NRECA Annual Meeting
Dan Waddle is Senior Vice President at NRECA International.
PUF's Steve Mitnick: What do you do on a typical day?
Dan Waddle: I'll start by explaining what our program is about. That dictates what I do on a daily basis. Our program started at about the same time that the U.S. Agency for International Development was formed in 1961. The Peace Corps was established about the same time. The U.S. program was going from a reconstruction-oriented economic development activity that was focused on Europe, to being broader based. We were like an economic development program focused everywhere else, like Central America, South America, and Southeast Asia.
The U.S. government invited a number of non-profit institutions to join them in the effort. One was NRECA in 1962. Our program over the past almost 60 years has achieved remarkable success because it's a small program. We've facilitated, built ourselves, or supported other institutions to build about two hundred and fifty rural utilities in roughly forty-five countries that now serve about a hundred and sixty million consumers.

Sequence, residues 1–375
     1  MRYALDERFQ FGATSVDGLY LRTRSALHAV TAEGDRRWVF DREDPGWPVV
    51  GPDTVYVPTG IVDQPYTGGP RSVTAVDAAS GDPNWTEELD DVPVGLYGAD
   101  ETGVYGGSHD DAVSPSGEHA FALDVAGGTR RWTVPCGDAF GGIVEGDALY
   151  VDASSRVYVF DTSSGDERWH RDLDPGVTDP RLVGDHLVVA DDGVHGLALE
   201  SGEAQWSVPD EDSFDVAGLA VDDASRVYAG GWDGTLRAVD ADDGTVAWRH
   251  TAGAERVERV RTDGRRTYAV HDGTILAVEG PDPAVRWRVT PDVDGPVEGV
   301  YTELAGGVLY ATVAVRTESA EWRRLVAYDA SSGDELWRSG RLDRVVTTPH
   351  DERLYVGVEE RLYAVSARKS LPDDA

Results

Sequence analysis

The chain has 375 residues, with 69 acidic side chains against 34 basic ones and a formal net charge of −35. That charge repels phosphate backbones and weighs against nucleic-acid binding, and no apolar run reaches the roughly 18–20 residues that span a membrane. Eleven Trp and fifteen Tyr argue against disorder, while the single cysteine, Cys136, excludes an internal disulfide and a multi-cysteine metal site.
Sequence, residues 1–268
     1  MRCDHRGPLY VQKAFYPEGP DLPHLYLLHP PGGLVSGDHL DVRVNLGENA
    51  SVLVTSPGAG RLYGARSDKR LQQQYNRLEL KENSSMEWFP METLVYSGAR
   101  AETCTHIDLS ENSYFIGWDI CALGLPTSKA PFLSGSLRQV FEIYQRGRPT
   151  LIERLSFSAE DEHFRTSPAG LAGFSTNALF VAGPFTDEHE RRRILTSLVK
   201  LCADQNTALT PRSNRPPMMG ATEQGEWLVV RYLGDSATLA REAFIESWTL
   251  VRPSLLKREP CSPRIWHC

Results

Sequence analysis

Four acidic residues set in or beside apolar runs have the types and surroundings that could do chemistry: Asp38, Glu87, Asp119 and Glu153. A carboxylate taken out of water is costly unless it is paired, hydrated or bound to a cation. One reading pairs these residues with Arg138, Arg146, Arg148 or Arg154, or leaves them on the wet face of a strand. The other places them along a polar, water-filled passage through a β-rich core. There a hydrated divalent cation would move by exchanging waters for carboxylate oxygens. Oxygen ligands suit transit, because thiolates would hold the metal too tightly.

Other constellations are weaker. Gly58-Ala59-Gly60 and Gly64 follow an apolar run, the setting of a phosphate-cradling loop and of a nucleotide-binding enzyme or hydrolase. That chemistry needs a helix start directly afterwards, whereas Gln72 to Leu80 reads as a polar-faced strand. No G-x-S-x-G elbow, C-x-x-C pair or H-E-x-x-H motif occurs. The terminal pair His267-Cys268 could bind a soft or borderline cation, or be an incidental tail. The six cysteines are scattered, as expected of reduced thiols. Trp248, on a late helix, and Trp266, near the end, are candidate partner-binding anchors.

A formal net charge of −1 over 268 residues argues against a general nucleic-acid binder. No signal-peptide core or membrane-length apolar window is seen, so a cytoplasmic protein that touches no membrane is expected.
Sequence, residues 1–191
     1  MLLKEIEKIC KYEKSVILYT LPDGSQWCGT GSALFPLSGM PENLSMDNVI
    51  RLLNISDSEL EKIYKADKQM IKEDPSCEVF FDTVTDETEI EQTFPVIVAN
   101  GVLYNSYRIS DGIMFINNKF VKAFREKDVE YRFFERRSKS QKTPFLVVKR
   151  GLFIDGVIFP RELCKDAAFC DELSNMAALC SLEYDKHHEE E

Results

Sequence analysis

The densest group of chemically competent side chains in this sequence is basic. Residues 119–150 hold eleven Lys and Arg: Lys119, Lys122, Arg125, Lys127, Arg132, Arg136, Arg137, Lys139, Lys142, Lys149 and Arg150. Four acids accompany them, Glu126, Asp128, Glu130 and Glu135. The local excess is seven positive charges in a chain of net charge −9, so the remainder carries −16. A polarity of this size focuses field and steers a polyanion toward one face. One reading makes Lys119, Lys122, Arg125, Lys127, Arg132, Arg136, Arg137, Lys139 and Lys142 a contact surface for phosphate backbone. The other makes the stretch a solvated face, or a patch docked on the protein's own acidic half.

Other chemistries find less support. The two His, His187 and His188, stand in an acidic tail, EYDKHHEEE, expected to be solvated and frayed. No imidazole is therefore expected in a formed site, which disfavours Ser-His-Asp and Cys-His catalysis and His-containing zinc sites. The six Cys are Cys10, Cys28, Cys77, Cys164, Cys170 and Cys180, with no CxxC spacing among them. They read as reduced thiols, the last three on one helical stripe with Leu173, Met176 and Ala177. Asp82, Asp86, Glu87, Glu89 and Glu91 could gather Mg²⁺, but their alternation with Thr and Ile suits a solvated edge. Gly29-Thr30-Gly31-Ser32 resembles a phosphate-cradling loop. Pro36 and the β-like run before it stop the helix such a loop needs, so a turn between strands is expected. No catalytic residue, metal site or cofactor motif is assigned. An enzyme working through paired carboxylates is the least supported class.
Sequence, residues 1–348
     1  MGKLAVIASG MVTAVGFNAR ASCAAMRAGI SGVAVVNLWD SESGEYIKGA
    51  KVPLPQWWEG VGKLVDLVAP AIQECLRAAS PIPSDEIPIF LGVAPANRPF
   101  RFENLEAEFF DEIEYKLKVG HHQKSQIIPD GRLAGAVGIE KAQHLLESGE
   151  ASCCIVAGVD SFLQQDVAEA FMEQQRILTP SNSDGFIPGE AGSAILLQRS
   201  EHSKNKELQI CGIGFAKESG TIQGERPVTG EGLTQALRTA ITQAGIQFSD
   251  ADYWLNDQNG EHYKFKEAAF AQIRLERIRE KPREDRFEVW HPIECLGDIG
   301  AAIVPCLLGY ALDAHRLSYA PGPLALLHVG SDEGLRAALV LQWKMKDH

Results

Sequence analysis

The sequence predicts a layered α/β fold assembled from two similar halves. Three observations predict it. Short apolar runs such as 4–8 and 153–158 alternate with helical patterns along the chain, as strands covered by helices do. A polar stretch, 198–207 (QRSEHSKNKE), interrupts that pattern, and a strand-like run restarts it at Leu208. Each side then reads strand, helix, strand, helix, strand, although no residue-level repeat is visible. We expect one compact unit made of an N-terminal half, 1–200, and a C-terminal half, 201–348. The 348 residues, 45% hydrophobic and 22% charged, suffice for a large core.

PUF: Where are they, and do they follow the co-op model?
Dan Waddle: As a cooperative institution, we know the power of the cooperative business model in economic environments where profits will be thin, if they exist at all. This is due to the fact that rural people, especially in developing countries, have low buying power.